Palestinians face humanitarian crisis as millions become displaced
Palestinians are trying to leave the Gaza Strip as the United States and Egypt work to open the Rafah border crossing.
WASHINGTON – With Israel on the verge of launching a ground war against Hamas, fears are rising that the latest conflict could engulf the Middle East.
It’s something President Joe Biden has been warning against – but preparing for.
The U.S. is ramping up its firepower in the Middle East. A last-minute presidential visit to Israel is under way before the first tanks roll into Gaza. Secretary of State Antony Blinken held marathon negotiations in Tel Aviv that were interrupted by the sound of air raid sirens, prompting a dramatic dash to a bunker.
Biden has publicly warned terrorist groups and other nations hostile to Israel not to interfere and expand the confrontation with Hamas, a militant group the U.S. considers a terrorist organization. Biden even singled out Iran by name last week, saying he “made it clear to the Iranians: Be careful.”
Yet despite Biden’s admonition, there are signs that groups in the Middle East are bracing for a broader war.
In Iran, the primary backer of Hamas, leaders warned Monday that an expanded war is increasingly becoming unavoidable.
“The time for political solutions is running out and the possibility of expanding the scope of the war on other fronts is approaching the stage that cannot be avoided,” Iran’s foreign minister, Hossein Amirabdollahian, wrote on X, formerly Twitter.
To the north, Lebanon’s militant group Hezbollah said it has started destroying surveillance cameras on several Israeli Army posts along the Israel-Lebanon border. Hezbollah’s actions come amid concerns it could join the war between Israel and Hamas.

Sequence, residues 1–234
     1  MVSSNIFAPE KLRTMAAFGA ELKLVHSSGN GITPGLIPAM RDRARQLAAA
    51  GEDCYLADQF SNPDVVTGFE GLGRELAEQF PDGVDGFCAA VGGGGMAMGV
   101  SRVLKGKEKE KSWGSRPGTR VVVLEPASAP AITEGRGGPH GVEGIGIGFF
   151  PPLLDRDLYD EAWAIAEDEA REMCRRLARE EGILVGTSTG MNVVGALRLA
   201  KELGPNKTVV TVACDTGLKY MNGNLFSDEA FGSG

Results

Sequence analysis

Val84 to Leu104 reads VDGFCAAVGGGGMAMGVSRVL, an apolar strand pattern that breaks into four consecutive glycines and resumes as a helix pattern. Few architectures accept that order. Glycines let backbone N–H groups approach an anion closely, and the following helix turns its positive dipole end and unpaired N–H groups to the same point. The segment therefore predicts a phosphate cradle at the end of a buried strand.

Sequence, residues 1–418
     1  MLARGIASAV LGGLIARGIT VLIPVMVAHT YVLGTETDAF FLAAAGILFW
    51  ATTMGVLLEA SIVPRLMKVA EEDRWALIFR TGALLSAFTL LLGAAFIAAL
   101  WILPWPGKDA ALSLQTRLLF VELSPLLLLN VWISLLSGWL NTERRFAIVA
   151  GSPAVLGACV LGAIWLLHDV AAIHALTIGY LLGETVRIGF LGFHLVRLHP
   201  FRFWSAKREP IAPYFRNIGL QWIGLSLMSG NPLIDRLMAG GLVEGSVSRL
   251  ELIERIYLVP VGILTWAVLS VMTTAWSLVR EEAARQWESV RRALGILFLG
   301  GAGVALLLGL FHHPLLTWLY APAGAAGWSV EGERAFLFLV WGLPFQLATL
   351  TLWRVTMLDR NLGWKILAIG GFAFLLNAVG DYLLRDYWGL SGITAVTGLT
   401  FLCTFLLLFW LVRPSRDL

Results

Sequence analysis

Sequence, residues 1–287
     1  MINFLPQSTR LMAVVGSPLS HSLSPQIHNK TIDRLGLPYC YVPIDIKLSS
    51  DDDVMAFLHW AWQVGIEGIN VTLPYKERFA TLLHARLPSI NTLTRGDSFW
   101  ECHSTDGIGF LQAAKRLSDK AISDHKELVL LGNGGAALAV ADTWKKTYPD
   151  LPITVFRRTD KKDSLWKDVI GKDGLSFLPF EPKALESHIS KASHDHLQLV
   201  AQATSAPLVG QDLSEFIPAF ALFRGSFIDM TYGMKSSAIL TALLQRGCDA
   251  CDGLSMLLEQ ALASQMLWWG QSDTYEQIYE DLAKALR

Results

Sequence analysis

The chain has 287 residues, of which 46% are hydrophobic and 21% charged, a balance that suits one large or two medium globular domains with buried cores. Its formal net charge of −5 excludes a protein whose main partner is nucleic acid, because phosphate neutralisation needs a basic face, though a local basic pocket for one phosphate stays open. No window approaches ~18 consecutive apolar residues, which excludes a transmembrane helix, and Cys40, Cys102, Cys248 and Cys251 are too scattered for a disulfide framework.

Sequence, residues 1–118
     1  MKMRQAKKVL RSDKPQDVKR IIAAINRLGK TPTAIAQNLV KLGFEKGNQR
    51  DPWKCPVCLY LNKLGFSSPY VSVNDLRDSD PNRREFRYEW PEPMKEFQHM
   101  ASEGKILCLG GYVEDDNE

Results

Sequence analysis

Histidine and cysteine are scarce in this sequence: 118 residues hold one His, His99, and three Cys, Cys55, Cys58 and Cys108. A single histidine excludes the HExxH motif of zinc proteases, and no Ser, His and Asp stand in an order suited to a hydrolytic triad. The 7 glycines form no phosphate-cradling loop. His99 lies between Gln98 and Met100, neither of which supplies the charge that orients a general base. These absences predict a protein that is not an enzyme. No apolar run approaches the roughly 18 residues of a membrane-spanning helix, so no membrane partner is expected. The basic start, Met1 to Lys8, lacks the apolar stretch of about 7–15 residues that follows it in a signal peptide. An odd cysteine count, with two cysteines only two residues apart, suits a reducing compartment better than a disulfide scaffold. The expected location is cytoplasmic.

And in a major setback for Biden’s Middle East visit, the Jordanian government announced it canceled a summit previously scheduled Wednesday in Amman, Jordan in which Biden was to meet with King Abdullah II, Egyptian President Abdel Fattah El-Sisi and Palestinian Authority President Mahmoud Abbas.
The cancellation came after Israel and Palestinians blamed each other Tuesday for an explosion that killed hundreds at a Gaza City hospital. The White House cited three days of mourning announced by Abbas following the hospital blast for postponing the summit.
“The president sent his deepest condolences for the innocent lives lost in the hospital explosion in Gaza, and wished a speedy recovery to the wounded,” a White House official said. “He looks forward to consulting in person with these leaders soon, and agreed to remain regularly and directly engaged with each of them over the coming days.”
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John Kirby, the White House national security spokesman, told reporters Monday evening the U.S. is watching closely for signs that other countries or groups are looking to widen the conflict.
“We don’t want to see any other actor, and that includes Iran, jumping in here and escalating this conflict,” Kirby said. “We haven’t seen any indication that that’s necessarily in the offing right now, but we are watching it very, very closely.”
In Washington, Biden canceled a trip to Colorado on Monday to promote his economic agenda and remained at the White House, where he huddled with his national security advisers and intelligence officials and placed calls to the leaders of Germany, Egypt and Iraq.
Biden will meet with Israel Prime Minister Benjamin Netanyahu and other Israeli leaders in Tel Aviv on Wednesday, a move seen as another show of solidarity with a longtime ally – and a possible warning to others looking to escalate the conflict.
“Sure, the administration wants to avoid a broader war in the Middle East, but its interests are not merely avoiding a broader war in the Middle East,” said Jon Alterman, director of the Middle East Program at the Center for Strategic and International Studies, a Washington-based think tank.
The administration has a strong interest in ensuring that Israeli leadership keeps its eye on the ball and is thinking through the end game and what actions are necessary to achieve that goal, Alterman said.